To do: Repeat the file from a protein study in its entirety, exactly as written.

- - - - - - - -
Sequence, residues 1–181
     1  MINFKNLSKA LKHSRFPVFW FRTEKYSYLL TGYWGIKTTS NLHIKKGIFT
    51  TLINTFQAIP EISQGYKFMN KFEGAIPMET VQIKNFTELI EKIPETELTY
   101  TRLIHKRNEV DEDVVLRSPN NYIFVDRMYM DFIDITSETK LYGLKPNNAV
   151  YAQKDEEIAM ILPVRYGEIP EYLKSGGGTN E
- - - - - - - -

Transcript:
Sequence, residues 1–181
     1  MINFKNLSKA LKHSRFPVFW FRTEKYSYLL TGYWGIKTTS NLHIKKGIFT
    51  TLINTFQAIP EISQGYKFMN KFEGAIPMET VQIKNFTELI EKIPETELTY
   101  TRLIHKRNEV DEDVVLRSPN NYIFVDRMYM DFIDITSETK LYGLKPNNAV
   151  YAQKDEEIAM ILPVRYGEIP EYLKSGGGTN E